Why does the City of Palo Alto need to "partner" with Stanford people on the matter of "Demand Response"? There are any number of programs around that have prior experience:

Demand Response:
Web Link

Web Link

Web Link

Web Link

These topics have been on Power-Point presentations of the Utility Department for the better part of a decade. Why is it that it takes so long for people at 250 Hamiliton to read the "memos" that everyone else read years ago?

> Metering ..

Yes .. the then Utilities Director (Ulrich) made it clear that the PAU would not be offering metering/off-peak pricing to the people of Palo Alto. So .. seems that what was "unacceptable" then is "acceptable" now?

Oh .. and let's not forget that as we use less electricity, the rates will go up!! There doesn't seem to be the least possibility that if you use less in Palo Alto, you'll pay less.

Posted by Train Neighbor, a resident of Ventura
on Mar 4, 2011 at 12:32 pm

"Demand Response" is different from time-of-use rates.

Demand Response offers incentives to participants to drop electric consumption for a few hours a year during peak demand times (usually during a heat wave). Customers usually turn off lights, raise the temperature and take other temporary actions to shed load for just a few hours.

PG&E's program: Web Link

Time-of-use electric rates have set electric prices for different time periods throughout the year, with the highest prices during summer weekdays, typically from noon - 6pm. The summer peak period is about 800 hours per year.

Posted by Adrianus Schrauwen, a resident of Midtown
on Mar 4, 2011 at 1:41 pm

It looks like another sneaky way to increase rates, just like the so called "Green Energy".
There is no accounting for it.

Posted by what'sup, a resident of Fairmeadow
on Mar 4, 2011 at 2:12 pm

And it looks like a sneaky way to control energy use by residents. Look at that silly report comparing usage to other homeowners. It's just a waste of money because there is so much more that has to be compared besides the sq. footage. Utilities will need to know how many people reside in our homes, any special needs, who is working, who is traveling, and on and on. And our rates will go up to pay for our new monitors.

Posted by Walter_E_Wallis, a resident of Midtown
on Mar 4, 2011 at 2:17 pm

Walter_E_Wallis is a registered user.

Demand response is a voluntary program. Time of day metering insures that savings go to those who earn it.

Posted by Time-To-Privative-The-PAU, a resident of Another Palo Alto neighborhood
on Mar 4, 2011 at 3:37 pm

> a "demand response" project that encourages large commercial
> customers to reduce their electricity usage during high-peak days

Why? There are that many large companies in Palo Alto, and there has never been any complaints about how they were "hogging" all of the power. So .. what's the point of this exercise?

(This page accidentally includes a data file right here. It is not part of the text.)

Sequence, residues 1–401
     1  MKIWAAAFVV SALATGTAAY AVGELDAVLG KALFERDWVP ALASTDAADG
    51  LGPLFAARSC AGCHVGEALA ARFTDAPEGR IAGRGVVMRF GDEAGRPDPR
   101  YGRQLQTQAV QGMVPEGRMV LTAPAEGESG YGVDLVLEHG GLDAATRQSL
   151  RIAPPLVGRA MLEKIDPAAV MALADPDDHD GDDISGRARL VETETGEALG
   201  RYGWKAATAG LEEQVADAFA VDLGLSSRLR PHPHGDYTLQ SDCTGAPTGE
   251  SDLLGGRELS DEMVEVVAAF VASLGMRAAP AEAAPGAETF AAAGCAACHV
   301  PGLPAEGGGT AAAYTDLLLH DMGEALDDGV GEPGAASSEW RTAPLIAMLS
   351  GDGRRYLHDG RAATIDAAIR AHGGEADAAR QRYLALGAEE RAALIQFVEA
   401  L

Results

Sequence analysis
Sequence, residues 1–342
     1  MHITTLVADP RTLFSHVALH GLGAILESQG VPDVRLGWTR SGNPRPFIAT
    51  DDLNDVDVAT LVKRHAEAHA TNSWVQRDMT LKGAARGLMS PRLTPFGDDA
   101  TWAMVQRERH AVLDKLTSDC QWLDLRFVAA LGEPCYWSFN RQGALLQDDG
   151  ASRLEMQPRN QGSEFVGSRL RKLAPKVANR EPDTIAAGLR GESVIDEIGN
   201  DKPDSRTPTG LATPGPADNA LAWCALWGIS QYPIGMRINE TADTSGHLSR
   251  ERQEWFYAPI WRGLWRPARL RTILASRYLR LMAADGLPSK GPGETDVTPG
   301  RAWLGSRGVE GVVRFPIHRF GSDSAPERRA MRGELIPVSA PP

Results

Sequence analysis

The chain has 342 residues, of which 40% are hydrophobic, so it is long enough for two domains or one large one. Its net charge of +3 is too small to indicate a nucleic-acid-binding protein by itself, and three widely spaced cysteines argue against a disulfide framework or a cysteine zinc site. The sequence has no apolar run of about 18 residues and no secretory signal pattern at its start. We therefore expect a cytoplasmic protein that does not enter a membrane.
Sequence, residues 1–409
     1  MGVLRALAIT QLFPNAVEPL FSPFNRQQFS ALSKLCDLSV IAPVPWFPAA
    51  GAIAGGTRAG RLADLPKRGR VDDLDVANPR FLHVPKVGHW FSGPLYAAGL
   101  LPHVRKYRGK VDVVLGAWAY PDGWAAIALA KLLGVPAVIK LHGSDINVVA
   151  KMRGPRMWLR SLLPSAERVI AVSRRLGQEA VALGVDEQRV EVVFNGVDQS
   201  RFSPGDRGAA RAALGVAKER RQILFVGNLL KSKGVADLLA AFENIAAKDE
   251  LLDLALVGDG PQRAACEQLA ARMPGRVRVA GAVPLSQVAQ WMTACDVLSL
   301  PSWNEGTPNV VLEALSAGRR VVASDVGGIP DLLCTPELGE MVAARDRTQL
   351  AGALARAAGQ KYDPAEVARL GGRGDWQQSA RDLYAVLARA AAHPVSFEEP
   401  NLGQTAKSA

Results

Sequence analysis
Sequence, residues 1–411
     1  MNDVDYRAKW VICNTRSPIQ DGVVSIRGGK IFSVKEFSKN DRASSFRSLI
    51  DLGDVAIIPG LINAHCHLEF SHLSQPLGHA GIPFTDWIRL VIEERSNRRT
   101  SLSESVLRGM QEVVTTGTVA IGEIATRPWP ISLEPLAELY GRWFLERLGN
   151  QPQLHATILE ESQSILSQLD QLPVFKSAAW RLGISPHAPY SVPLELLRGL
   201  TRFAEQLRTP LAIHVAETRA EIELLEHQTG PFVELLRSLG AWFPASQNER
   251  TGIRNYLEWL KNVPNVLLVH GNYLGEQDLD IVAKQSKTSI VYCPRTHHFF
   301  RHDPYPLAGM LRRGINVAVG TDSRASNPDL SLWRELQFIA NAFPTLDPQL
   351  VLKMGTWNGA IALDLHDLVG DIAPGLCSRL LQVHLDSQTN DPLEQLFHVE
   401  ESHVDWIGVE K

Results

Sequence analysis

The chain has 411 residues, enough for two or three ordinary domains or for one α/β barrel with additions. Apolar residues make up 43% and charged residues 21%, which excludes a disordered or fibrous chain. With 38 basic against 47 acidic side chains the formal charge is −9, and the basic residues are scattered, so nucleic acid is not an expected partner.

Roche was the singly largest user of power, at one point. However, Roche moved out of it's Palo Alto R&D campus:

Web Link

Before the closing was announced, the PAU, Roche and a solar power company were supposed to have installed a solar generating unit on the roof of some of the Roche buildings:

Web Link

PAU ratepayers money was invested in the Roche project, but after the announcement of the site closing, the power generation project didn't get much attention. Not clear what the status of the unit is at the moment, or how much rate-payer funding was actually involved.

What's interesting about this Roche power investment was that the City was willing to "invest" money so that Roche could have more power that it didn't have to pay the City for. So, although this particular project might have been a "bust", shouldn't this be the way our Utilities department should be seeing the world? Helping to produce more electricity that can be used to drive industry, rather than find wants to "conserve" power--such as perhaps shutting down production for some amount of time every day?

It will be very interesting to read the results of these surveys. The idea that companies are flocking to Palo Alto so that they can join in "environmental conservation" programs that result in their paying more for utilities, year-after-year, and being lectured to by City Councils about the evils of "consumerism", and how bad it is to be "a capitalist". Can't wait to find out how many newly-minted CEOs are lining up to for this.

Posted by Walter_E_Wallis, a resident of Midtown
on Mar 4, 2011 at 4:59 pm

Walter_E_Wallis is a registered user.

Demand metering was, until recently, an expensive proposition, and required a commitment of the customer to reduce demand during peak hours. There is nothing sneaky about it - if you use energy during peak periods, you pay a premium for it, while off peak is cheap. Same rules for everyone. Now, demand metered customers who bust their demand pay dearly for it.
"Yes .. the then Utilities Director (Ulrich) made it clear that the PAU would not be offering metering/off-peak pricing to the people of Palo Alto. So .. seems that what was "unacceptable" then is "acceptable" now?" I still have that letter from Ulrich, AKA The Flimflam Man, telling me there was no interest in time of day metering in Palo Alto. Alas, his replacement is more of the same.

Posted by what'sup, a resident of Fairmeadow
on Mar 4, 2011 at 7:20 pm

Walter, yes it's voluntary now, but with smart meters that could change. PGandE insists it has no intention of doing this (turning off power to homes) but as the technology becomes more sophisticated and the power company can remotely turn on/off power, and our energy efficient appliances can be remotely accessed, I have to figure that's the next step.

Posted by James Hoosac, a resident of another community